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Casting couch: Farhan Akhtar says women should complain to HR

The Lucknow Central (2017) actor offered this strange reply when asked how workplaces in Hindi filmdom could be made more secure for women.

Mayur Lookhar

The unabated rise in sexual crimes is a matter of grave concern, one that is embarrassing India. Farhan Akhtar is among those who are deeply disturbed by this trend. The actor runs a social campaign called MARD (Men Against Rape and Discrimination) and has launched a new campaign called Ab Bas (Enough).

While rape is a disturbing reality, so too, sadly, is the menace of the casting couch in the country's prolific film industry. This point was brought out at the press conference today with the actor-filmmaker fielding some uncomfortable questions.

A freelance journalist who runs a YouTube channel asked Farhan Akhtar what was needed to make workplaces in Hindi filmdom more secure. The actor offered a vague reply.

Speaking later to Cinestaan.com, the journalist said, “The event was to launch a new campaign by MARD. I asked Farhan how to make women in Bollywood secure. He said, ‘They should go and complain to the HR [human resources] managers in the production houses!” 

Normally, actors and actresses looking for work get in touch with casting directors who mostly work independently. If they bag a project, they sign contracts with the production house concerned. At no stage do they become employees of the production house and they often have no access to the HR department.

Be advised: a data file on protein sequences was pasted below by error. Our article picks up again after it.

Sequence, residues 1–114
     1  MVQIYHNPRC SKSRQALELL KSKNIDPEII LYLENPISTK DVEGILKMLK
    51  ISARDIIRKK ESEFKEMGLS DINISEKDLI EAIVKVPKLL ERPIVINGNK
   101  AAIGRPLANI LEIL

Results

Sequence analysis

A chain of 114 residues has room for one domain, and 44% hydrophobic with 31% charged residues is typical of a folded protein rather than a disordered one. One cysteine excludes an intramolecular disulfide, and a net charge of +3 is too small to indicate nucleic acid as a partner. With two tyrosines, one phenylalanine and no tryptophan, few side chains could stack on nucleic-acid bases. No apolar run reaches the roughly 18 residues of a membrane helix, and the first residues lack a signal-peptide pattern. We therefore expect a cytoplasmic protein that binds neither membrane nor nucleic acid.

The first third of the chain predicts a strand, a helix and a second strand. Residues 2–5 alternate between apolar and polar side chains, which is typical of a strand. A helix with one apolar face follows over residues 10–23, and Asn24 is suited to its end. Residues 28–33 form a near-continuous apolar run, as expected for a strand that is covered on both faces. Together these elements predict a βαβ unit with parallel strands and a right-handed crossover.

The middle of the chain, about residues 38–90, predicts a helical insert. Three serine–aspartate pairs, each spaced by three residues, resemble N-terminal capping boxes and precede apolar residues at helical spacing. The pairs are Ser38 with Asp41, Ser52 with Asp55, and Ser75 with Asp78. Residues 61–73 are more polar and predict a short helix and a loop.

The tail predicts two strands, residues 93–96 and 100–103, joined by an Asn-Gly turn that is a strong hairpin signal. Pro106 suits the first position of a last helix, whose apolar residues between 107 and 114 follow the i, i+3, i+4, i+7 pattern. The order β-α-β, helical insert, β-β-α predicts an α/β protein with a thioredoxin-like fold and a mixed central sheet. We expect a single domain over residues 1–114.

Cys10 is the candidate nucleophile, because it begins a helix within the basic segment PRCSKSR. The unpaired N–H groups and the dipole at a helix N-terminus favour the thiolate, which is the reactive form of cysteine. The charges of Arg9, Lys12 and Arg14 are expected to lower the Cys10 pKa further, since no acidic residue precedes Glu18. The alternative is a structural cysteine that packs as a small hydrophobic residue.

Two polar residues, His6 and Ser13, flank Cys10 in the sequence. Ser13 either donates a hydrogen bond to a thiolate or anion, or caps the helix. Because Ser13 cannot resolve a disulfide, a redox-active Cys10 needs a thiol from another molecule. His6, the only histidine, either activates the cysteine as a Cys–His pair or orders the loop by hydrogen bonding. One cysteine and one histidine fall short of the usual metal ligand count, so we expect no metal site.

More importantly, victims keep their lips sealed about indecent proposals for fear of being marginalized by the industry, where most of the biggies are connected in some way even if they are not blood relations. Akhtar, however, does not think speaking up will jeopardize their chances. 

“If you are successful in your career, speaking the truth will not harm your chances, Farhan said," the journalist revealed. 

The seeking of sexual favours in exchange for acting assignments has long been an open secret in the Hindi film industry, but the recent Harvey Weinstein saga in Hollywood has reopened the debate here as well.

It may be recalled that earlier this year, Vikas Bahl, one of the founding members of Anurag Kashyap's Phantom Films, was mired in controversy with an employee accusing him of sexual harassment. There were murmurs of Bahl being asked to leave the company, but so far there has been no official confirmation. By contrast, Weinstein was dismissed from the company he had founded and which bears his name.

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Casting Couch